You Can Sleep Better – tips for dropping off to sleep quickly

Highlights of this information update

00.00     Introduction
00.13     Difficulty getting to sleep
01.10     Worrying before going to bed
01.56     Towards better sleep
03.16     Key points for better sleep

Hello, welcome to Transforming Minds, this is Alan Patching.

Let’s address more concerning sleep.

Here’s a good starting point if you’re having difficulty getting to sleep.

Do you often find that you go to bed, the head hits the pillow and immediately the hands are behind the head on the pillow and you’re ruminating over the issues of the day….’what if this happens; what if this doesn’t happen; how on earth am I going to be able to do this, that and the other?’

The minute we start thinking like this we start producing chemicals in our body – the neurotransmitters that will keep us awake, that get us ready for action and dealing with problems.

At that time of night we’re really looking to be producing lovely endorphins. We’re looking to be producing serotonin and dopamine – ‘happy chemicals’ that’ll just take us off into dreamland, and then take us down through the stages of sleep to that lovely deep level where we can just tick over slowly while our immune system replenishes.

Worrying before we go to bed and not dealing with the issues of the day effectively (during the day) leads us to spend a lot of time dreaming during the evening, and when we’re dreaming during the night we’re at a pretty ineffective depth of sleep.

Dreaming’s an important thing – one of its tasks is to drop us off into the deeper levels of sleep.  But to do that we need to be dreaming of nice things and producing that dopamine and serotonin which drops us down into the lovely levels where our immune system replenishes.

However, if we go to sleep thinking of things that cause worry and concern, we’re more likely to be producing adrenalin and noradrenalin – the chemicals that prepare our body for action – and these make it far more difficult to drift down into those deeper stages of sleep …. and so we wake tired.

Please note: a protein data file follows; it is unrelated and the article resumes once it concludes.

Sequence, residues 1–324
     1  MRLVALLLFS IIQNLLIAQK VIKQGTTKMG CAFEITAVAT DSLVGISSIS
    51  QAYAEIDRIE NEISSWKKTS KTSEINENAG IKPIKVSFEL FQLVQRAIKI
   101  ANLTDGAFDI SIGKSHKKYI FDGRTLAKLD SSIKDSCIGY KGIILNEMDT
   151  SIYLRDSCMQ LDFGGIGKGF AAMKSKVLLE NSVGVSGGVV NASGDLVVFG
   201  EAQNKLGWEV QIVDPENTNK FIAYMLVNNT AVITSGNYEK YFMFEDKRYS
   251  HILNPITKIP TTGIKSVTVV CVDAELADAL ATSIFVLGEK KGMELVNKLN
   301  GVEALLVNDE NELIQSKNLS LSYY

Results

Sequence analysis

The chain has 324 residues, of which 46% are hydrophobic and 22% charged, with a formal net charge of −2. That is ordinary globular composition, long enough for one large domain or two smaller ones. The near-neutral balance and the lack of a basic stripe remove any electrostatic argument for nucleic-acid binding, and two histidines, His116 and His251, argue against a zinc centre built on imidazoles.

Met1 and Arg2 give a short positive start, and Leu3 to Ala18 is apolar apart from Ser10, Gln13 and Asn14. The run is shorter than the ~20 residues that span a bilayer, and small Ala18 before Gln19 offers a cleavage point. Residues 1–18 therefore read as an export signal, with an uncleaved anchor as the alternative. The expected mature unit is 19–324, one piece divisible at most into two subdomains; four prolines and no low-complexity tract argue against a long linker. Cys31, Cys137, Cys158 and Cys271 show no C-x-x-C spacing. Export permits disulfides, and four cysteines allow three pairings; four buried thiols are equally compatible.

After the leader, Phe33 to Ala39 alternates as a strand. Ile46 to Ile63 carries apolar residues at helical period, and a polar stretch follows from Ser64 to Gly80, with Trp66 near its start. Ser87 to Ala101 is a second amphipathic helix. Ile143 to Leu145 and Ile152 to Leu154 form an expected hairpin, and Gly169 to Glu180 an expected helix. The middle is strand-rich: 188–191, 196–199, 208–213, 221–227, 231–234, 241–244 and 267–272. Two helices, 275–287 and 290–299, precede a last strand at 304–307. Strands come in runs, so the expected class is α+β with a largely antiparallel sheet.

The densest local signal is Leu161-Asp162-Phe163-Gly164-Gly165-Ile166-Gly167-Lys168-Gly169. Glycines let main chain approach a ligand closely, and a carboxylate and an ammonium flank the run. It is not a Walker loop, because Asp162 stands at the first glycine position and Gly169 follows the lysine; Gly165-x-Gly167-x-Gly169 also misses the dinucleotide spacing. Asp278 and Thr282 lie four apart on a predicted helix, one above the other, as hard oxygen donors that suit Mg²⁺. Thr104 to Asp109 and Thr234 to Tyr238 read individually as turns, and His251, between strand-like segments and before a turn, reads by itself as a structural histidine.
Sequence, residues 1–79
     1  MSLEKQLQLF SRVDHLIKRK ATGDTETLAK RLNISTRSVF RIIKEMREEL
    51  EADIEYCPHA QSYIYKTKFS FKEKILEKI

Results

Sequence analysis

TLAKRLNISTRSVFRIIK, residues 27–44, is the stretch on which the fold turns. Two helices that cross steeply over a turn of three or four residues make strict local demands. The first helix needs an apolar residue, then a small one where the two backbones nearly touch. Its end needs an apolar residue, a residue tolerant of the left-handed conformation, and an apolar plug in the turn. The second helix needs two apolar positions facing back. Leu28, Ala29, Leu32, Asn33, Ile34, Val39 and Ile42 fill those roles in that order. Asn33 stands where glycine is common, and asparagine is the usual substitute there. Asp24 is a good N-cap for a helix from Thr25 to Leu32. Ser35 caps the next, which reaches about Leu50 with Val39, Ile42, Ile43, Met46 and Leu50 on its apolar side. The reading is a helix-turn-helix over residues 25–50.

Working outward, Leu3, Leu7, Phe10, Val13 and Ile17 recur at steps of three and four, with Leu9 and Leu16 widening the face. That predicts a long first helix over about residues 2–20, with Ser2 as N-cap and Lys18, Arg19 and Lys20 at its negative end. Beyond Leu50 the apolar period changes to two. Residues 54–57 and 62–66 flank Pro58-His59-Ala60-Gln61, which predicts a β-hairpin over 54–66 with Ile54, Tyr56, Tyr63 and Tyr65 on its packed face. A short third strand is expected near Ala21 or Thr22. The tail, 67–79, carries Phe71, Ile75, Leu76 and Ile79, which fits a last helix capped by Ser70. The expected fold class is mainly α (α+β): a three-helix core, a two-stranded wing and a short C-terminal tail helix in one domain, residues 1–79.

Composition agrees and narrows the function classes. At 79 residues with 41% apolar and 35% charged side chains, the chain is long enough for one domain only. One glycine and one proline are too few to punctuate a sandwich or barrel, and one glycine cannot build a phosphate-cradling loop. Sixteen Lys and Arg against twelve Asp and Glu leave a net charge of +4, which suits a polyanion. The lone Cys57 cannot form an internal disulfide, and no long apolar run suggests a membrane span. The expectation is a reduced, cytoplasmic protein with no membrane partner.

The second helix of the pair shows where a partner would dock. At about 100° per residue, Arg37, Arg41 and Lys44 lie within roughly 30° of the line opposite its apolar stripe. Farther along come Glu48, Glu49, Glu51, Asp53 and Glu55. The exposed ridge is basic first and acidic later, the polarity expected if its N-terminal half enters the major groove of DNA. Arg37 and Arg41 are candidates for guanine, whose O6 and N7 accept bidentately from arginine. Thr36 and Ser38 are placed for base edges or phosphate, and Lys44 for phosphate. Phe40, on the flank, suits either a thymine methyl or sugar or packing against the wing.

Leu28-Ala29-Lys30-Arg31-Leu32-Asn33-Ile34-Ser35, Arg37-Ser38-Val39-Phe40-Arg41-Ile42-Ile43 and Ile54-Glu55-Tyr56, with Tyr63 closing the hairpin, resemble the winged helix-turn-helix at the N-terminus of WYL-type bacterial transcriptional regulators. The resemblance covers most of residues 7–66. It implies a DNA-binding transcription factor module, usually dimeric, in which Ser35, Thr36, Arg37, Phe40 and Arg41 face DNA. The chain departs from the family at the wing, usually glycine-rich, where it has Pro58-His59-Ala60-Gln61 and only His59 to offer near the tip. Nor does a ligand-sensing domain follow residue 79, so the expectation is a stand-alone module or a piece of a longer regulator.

In this blog post I intend to be giving you some tips to overcome sleep problems,

And here’s the first important one.  Make a habit of making bed a place for two things and two things only – sleeping or intimacy, and don’t even use it for reading books unless, of course, reading a book helps you drop off to sleep very quickly.

If you find that you read a book and can’t get to sleep after it because it’s exciting or you’re thinking about what you read, don’t read in bed.  Instead, sit in a chair and read, or better still, go back to the lounge room and read it.

The same applies for worrying.  If you’re going to bed and ruminating about the day; what you’ll do tomorrow; what needs to be done; in what order; the to-do list; issues that didn’t get addressed properly during the day – all those worrying and adrenalin-producing thoughts, now’s the time to get out of the bed, go to another room, sit down, think it all through, take notes so you can just let it go for the evening, perhaps even change from that sort of thinking to watching a little bit of light-hearted television, or reading something really, really boring and not exciting, so you just become tired and want to go to sleep.

However, while you’re doing that, don’t go drinking alcohol or coffee because that starts to defeat the purpose and can produce even more awakening feelings in the body.

So that’s my first tip in this first blog post concerning the steps to take to enjoy better sleep.

Let me just summarise.  Make the bedroom the place where you sleep or have intimacy and nothing else.  Don’t watch television in bed, particularly if it’s exciting.  Don’t read in bed.  Don’t think in bed.

If these sort of activities are leading you to consider thinking and turning that mind over when you turn the lights out, get yourself nice and tired and ready to sleep before you go to bed so that the habit’s developed of hitting the pillow and dropping off to sleep.

It’s much like when we come to a stop sign.

We taught ourselves early in our driving career, or even observing parents and others, when you come to a stop sign you stop, you don’t think about it, it’s automatic.  We want to be able to get to the point where that head hits the pillow and we don’t have intimacy on our mind, that we just automatically drift off into a deep, healthy, replenishing sleep from which we wake in the morning rejuvenated and ready to get on effectively with the day ahead. And we want to be able to do this as easily and as effectively as automatically stopping when we see a stop sign.

Give it a try.

A simple suggestion, proven to work.

And I’ll look forward to seeing you on a future post where we’ll look at another tip or two on how you can enjoy better and more effective sleep.

I’m Alan Patching, thank you for watching or reading.

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